Consumer Proposals


Consumer Proposals.

A consumer proposal allows a person to avoid bankruptcy and to keep his assets such as a home, while making monthly payment that are affordable and last no more than five years.   With a consumer proposal you pay only part of what is owed say 40% or even 30% of your debt.

A consumer proposal is a win-win for all.   You get a fresh start and your creditors get more than they would in a bankruptcy.

Consumer proposals offer some immediate benefits:

  • You can negotiate with creditors to only pay a part of your debt;
  • Interest charges stop;
  • You will be debt free in five years or less;
  • Professional accreditation such as for accountants, lawyers, real estate agents etc. are not placed in jeopardy as they would be in a bankruptcy;
  • Harassing calls from creditors and threats of wage garnishments will stop;
  • You will be able to keep your assets such as a car, or home;
  • No additional fees are required beyond your agreed-upon monthly payments.  Trustee fees, are set by the Federal Government and are paid from these monthly payments.

The rules for Consumer Proposals are:

  1. It can only be filed through a bankruptcy trustee;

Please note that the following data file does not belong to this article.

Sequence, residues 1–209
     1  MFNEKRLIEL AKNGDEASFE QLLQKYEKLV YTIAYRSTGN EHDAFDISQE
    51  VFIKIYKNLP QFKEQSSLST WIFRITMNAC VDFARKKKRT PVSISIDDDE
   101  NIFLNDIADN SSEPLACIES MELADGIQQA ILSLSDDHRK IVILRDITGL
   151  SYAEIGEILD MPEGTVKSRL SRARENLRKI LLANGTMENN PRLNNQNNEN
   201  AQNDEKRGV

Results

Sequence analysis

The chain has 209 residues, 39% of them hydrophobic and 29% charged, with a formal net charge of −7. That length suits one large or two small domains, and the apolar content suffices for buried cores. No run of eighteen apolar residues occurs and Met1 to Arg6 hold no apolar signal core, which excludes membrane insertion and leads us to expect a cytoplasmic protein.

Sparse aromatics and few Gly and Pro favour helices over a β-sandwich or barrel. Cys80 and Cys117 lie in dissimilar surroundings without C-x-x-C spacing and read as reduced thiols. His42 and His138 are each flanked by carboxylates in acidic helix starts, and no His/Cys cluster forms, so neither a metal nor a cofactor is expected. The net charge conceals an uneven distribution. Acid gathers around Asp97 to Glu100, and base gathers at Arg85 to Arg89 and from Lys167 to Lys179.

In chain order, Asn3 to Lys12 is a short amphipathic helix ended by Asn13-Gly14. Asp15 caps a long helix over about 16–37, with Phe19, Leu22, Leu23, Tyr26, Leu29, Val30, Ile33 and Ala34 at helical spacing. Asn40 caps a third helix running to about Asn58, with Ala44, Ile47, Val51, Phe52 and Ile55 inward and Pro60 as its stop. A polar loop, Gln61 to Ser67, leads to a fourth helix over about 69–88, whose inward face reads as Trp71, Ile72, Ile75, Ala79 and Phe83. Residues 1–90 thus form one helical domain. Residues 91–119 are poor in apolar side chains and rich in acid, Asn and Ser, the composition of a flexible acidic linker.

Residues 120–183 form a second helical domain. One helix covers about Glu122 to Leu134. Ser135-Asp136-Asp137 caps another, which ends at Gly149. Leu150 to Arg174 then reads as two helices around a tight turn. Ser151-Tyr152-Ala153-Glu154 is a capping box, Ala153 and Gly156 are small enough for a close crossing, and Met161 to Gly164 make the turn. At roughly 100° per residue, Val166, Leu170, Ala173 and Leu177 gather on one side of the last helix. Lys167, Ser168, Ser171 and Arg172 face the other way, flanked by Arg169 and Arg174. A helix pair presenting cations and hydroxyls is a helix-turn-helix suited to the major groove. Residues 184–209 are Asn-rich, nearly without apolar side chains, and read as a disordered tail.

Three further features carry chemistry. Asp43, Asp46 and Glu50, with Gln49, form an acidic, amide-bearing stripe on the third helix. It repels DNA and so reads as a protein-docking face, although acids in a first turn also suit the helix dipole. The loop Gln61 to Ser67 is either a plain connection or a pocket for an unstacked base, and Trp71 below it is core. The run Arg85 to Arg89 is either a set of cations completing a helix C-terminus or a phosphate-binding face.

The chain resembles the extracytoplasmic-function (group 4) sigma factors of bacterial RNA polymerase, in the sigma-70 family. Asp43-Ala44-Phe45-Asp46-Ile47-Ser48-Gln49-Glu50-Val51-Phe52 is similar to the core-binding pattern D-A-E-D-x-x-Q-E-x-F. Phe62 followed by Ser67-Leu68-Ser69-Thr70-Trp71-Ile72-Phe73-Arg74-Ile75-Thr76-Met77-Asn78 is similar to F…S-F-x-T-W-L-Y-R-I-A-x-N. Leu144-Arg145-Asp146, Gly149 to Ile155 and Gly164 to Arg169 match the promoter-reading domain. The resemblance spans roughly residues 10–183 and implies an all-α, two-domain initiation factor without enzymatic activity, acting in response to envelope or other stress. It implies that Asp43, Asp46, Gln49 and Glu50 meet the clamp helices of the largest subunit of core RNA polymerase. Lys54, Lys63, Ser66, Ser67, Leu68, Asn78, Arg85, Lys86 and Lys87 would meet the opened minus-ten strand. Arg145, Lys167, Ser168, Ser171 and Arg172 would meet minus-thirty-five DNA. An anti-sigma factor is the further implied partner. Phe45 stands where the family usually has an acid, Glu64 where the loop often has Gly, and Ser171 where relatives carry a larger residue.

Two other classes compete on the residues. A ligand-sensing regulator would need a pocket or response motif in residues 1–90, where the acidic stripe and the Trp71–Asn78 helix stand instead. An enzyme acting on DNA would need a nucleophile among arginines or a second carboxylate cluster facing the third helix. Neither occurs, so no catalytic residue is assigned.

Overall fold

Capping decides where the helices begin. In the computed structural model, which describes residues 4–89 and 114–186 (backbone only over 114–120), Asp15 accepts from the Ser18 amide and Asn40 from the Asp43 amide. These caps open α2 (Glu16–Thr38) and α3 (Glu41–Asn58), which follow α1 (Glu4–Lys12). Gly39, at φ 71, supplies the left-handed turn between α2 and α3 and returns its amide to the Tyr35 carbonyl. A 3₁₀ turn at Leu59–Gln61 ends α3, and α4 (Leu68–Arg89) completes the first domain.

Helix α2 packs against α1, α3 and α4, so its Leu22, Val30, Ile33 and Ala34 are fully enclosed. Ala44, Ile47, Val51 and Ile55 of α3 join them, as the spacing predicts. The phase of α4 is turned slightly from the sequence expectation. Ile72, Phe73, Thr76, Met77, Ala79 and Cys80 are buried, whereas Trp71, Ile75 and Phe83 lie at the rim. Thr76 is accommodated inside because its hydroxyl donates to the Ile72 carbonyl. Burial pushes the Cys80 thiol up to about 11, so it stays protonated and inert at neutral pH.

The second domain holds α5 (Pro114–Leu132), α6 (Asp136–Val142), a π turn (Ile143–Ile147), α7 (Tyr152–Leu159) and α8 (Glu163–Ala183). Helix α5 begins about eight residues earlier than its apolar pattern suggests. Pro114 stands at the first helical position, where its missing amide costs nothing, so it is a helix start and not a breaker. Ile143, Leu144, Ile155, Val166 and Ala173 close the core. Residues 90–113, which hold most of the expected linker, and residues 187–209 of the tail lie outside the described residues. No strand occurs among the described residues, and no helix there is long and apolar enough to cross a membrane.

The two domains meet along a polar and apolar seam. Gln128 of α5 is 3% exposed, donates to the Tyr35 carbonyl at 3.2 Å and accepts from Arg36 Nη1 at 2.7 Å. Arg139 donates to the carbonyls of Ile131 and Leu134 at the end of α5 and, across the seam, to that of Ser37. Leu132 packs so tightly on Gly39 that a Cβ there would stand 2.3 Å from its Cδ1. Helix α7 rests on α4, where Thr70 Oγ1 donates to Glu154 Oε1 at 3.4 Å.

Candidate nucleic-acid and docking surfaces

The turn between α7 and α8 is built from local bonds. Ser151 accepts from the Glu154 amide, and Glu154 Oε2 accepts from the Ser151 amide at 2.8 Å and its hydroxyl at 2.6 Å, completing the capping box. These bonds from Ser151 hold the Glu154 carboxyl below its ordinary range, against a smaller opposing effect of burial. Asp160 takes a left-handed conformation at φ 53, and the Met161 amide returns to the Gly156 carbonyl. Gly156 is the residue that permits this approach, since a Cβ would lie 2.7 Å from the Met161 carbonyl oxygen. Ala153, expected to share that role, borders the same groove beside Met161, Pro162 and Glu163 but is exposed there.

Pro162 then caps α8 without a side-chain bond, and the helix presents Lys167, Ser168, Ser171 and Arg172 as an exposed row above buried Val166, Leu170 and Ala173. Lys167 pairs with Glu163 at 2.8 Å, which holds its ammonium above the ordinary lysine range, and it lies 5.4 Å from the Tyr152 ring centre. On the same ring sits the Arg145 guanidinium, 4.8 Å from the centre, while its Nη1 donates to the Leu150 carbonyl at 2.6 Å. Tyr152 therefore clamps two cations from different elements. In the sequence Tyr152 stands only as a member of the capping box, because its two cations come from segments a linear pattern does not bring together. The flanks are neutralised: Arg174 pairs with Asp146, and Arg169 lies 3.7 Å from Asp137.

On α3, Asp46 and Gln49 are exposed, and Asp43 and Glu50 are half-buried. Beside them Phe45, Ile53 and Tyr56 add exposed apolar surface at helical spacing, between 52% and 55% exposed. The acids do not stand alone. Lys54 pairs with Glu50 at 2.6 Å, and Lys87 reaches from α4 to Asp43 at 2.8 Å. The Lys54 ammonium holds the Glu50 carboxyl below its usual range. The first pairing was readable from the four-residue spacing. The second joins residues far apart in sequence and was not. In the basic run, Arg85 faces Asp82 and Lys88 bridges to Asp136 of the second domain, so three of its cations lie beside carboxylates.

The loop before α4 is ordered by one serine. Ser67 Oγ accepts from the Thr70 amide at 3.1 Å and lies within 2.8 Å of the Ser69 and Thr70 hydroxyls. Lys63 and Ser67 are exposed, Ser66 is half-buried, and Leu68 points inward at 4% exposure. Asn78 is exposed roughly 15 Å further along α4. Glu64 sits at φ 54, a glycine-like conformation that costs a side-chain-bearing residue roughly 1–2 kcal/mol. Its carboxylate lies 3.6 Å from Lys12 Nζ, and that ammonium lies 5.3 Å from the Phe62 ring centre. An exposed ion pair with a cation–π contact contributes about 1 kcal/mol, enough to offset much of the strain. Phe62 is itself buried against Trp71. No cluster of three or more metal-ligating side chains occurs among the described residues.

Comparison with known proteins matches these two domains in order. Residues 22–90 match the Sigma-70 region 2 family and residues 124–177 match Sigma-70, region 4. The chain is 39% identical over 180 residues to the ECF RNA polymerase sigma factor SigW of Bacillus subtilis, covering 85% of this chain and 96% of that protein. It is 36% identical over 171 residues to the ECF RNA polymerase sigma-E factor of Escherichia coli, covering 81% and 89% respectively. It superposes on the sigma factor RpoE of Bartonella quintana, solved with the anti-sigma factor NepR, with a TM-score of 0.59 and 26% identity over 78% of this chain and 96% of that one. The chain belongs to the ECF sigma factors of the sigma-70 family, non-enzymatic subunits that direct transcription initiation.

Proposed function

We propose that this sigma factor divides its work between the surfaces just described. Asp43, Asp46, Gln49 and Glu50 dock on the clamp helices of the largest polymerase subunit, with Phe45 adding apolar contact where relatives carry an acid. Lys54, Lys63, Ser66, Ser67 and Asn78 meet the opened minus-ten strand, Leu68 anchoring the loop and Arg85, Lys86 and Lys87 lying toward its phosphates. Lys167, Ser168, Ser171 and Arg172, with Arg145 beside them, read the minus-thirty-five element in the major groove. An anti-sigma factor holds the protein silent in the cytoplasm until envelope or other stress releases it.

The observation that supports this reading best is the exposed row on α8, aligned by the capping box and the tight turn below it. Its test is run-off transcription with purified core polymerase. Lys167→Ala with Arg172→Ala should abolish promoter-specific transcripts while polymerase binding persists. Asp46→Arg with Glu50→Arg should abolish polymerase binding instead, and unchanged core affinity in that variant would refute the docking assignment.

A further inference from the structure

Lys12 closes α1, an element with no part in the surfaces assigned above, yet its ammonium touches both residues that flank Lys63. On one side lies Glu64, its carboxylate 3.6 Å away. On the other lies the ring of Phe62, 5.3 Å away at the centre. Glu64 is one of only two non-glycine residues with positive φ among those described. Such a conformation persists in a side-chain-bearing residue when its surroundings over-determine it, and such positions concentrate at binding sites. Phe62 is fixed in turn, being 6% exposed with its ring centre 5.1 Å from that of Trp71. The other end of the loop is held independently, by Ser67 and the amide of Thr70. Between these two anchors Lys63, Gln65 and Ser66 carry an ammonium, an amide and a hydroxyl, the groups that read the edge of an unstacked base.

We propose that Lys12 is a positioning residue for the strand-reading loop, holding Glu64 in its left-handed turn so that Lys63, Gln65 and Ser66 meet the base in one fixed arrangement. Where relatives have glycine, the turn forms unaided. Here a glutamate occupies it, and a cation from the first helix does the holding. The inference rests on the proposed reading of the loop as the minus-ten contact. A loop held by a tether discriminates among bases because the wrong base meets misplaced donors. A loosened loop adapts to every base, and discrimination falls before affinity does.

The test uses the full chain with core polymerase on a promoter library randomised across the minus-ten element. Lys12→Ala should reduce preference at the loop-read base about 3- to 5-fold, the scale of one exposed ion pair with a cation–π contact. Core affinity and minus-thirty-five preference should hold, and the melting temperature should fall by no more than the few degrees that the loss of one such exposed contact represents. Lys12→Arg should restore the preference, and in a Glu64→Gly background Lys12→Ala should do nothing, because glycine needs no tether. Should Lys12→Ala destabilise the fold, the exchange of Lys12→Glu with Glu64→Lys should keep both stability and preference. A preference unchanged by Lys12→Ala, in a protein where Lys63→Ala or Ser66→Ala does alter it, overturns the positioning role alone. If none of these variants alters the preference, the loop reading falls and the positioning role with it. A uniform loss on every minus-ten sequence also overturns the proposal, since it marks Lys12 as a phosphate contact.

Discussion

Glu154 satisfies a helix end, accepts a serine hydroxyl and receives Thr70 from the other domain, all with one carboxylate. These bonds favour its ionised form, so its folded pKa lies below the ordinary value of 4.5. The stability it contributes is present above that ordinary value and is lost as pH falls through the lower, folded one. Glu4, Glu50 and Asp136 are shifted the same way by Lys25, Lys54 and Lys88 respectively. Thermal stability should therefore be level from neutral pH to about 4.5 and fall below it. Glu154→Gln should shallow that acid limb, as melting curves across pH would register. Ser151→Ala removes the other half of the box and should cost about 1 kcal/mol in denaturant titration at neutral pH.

2. It must provide the creditors with more than they would have received in a bankruptcy;
  3. It cannot be for longer than 5 years;
  4. The person cannot owe more than $250,000 excluding mortgage debt;
  5. As soon as a consumer proposal is filed all actions against the debtor, by law, must cease. This includes collection calls, garnishees and any legal action to collect the debt.
  6. Interest also stops accruing;
  7. Consumer proposals are considered accepted if, within 45 days of the filing, a creditor has not objected. If any creditor objects a creditors’ meeting is required;
  8. Creditors vote at the meeting with a simple majority of the dollars voted deciding on acceptance or refusal;
  9. If the consumer proposal is accepted all the creditors, including the ones who voted against the proposal and the ones who did not vote, are bound by the terms of the consumer proposal;
  10. If the consumer proposal is not accepted by the creditors the debtor is not bankrupt.

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Bankruptcy Essentials Book.

Bankruptcy Essentials.

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